Spiritual Marriage

Fr. Buckley states case for restoring a stronger link between bishops and local churches

By Sean Smith
Staff Writer

In the early centuries of the Catholic Church, notes Canisius Professor of Theology Michael Buckley, SJ, few things were more sacrosanct than the relationship between a bishop and his local church: The church had a strong say in the choice of its bishop, he explains, and the bishop - except in rare cases - never left it for another diocese.

"It's been described as a 'spiritual marriage,'" said Fr. Buckley, director of the Jesuit Institute. "The union between the bishop and his local church was understood as far more profound than that of jurisdiction, or even of sacramental functions. There were canons which specified the church's voice in the selection of the bishop and prohibited the bishop's move to another see."

While this legislation has eroded over the past millennium for a variety of reasons, Fr. Buckley offers suggestions for considering its restoration in the recently published book Papal Primacy and the Episcopate: Towards A Relational Understanding . The book is based on a monograph Fr. Buckley presented at a 1996 symposium held by the Congregation for the Doctrine of Faith in Vatican City in response to Pope John Paul II's encyclical Ut unum sint . Fr. Buckley was present at the request of the congregation prefect Cardinal Joseph Ratzinger.

Canisius Professor of Theology Michael Buckley, SJ. (Photo by Gary Gilbert)

Like the symposium for which it was written originally, the monograph addresses the character of papal leadership, and its service to episcopate and to the Church as a whole - an issue, Fr. Buckley notes dryly, which has generated considerable controversy over the centuries. Anticipating the potential for such discord, Fr. Buckley says, he sought to carefully lay out a framework in which to discuss the relationship between the primacy and the episcopate.

"The proposals this book advances do not constitute an original position per se ," said Fr. Buckley. "On the contrary, they suggest a return to practices that were normalistic in the Catholic Church for almost all of the first millennium. This exploration is undertaken without judging how wise or unwise were the decisions that over the more recent centuries led to the present state of affairs.

"What needs to be asked is, does the current settlement detract from the effectiveness of papal primacy to foster the vigor of the episcopate?" he continued. "Would papal restoration of ancient legislation on the selection of bishops and their stability within their sees contribute significantly to the strengthening of the episcopate and the local churches today?"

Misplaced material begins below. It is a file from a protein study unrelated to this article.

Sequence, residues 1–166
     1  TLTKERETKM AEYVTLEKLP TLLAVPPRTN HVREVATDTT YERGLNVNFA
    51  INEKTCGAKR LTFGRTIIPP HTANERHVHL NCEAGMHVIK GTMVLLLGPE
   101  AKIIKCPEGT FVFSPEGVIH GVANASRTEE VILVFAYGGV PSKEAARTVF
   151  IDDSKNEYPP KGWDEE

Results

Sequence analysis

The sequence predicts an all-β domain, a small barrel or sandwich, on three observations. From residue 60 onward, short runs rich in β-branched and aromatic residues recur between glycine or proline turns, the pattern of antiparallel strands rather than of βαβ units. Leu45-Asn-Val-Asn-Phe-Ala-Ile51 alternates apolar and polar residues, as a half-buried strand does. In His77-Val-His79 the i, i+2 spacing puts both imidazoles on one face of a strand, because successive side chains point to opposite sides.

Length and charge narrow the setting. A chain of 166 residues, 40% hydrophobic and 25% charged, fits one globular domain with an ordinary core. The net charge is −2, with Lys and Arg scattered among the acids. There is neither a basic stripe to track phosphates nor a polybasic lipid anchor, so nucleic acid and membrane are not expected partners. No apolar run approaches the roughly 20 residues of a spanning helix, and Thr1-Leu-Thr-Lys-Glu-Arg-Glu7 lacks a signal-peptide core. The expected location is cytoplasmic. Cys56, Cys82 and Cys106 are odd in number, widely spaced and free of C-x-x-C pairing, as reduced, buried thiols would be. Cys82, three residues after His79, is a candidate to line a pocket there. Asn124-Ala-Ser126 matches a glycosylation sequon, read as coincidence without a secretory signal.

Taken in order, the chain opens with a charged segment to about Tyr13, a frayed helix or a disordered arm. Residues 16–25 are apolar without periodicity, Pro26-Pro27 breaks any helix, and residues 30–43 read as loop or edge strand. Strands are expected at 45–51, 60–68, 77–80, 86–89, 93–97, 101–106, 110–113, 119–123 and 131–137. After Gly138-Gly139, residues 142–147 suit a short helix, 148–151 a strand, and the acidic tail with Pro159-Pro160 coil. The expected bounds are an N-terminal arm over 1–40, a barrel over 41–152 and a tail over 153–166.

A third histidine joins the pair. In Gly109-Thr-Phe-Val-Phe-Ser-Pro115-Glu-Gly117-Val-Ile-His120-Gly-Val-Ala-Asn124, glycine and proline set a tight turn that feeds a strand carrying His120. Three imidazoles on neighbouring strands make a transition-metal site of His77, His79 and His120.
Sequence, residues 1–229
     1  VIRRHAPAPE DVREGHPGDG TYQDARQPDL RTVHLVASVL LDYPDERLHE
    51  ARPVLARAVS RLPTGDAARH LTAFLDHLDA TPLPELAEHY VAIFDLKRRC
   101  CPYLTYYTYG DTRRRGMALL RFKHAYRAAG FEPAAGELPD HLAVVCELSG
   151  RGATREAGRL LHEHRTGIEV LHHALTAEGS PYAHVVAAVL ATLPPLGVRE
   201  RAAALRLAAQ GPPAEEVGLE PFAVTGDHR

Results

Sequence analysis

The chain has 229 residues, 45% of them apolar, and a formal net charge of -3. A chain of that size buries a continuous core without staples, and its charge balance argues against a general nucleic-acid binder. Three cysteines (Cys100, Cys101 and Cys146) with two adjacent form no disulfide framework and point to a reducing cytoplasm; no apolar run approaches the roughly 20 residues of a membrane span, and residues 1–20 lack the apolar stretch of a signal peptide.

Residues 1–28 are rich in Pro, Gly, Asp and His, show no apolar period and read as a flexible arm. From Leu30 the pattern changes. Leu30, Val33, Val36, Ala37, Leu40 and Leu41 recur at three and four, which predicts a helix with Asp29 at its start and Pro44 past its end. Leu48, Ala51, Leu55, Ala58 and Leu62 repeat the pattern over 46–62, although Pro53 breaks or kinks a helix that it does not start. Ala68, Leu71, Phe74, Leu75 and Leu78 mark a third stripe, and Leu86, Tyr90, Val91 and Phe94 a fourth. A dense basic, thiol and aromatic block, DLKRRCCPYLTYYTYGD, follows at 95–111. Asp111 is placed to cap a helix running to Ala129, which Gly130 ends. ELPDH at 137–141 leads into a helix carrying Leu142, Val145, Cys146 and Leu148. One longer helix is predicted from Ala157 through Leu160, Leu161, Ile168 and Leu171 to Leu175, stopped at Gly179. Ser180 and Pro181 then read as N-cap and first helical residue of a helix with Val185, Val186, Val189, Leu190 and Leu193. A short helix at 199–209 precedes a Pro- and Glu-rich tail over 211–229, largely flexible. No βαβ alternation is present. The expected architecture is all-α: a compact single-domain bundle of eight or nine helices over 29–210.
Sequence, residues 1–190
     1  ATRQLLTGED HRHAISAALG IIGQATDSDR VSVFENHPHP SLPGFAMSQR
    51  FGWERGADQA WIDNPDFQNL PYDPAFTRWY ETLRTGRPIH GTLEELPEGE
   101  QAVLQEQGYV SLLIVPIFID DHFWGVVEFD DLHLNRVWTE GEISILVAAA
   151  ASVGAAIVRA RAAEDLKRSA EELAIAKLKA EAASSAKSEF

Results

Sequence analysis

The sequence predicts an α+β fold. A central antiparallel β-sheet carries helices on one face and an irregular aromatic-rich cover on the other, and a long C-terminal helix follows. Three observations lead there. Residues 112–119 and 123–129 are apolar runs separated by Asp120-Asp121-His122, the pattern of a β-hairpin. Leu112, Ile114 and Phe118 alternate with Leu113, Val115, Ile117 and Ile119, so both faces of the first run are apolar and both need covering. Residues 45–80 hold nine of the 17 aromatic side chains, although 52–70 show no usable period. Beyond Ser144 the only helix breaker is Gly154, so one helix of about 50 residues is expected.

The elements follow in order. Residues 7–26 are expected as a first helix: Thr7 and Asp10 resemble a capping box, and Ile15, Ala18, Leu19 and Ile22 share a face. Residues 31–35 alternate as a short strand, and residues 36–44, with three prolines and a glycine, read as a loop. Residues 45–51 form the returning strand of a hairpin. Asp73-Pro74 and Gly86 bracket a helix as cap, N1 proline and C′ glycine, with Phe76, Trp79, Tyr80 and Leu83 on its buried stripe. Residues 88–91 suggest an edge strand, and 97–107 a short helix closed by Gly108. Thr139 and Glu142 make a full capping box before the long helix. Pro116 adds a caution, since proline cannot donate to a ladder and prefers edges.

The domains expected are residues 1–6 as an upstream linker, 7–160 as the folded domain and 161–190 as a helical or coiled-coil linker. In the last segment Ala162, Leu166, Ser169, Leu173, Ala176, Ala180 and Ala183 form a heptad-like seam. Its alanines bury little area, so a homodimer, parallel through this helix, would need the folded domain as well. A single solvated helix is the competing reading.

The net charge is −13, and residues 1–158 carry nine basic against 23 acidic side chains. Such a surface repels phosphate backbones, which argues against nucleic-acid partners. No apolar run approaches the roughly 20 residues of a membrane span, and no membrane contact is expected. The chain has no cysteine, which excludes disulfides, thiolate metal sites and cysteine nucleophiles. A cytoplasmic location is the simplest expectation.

A major part of the controversy over such aspects of papal leadership, Fr. Buckley said, lies in the language used in the discussions. The term "primacy" itself is "systematically ambiguous," he points out: "Primacy" originally concerned patriarchal sees or bishops, then it became restricted to papal primacy, and further distinguished in controversies into a primacy of honor and/or jurisdiction. In the book, Fr. Buckley uses the term as "shorthand for papal primacy, while recognizing its very legitimate and ancient variations in meaning and in application."

Similarly, any examination of the primacy and episcopate faces the enormous challenge of separating theology from ideology, Fr. Buckley added.

With these parameters, Papal Primacy and the Episcopate outlines the various elements and functions in the primacy-episcopate relationship. In one chapter, Fr. Buckley describes the "twofold unity" - unity of the episcopate and of the faithful - which constitutes the fundamental mission of the primacy, and in the next explains how this unity is expressed in communion.

Later chapters explore the introduction into theological discourse of the concept of collegiality - the bishops' relationships with one another in the College of Bishops and their collective responsibility for the entire Church. Lastly, the book explores the relationship of primacy, episcopate and local churches.

From what he has been able to judge, said Fr. Buckley, Papal Primacy and the Episcopate received a generally favorable response, and he hopes it can make a contribution to the further dialogues on church leadership advocated by Ut unum sint .

"The primacy is one of God's great gifts to the Church," Fr. Buckley added. "It is vital to the degree that the episcopate is strengthened and united, just as the episcopate is vital to the degree that the people of God it is to serve are actualized and local churches are brought into the communion and the freedom that is their sacramental heritage."

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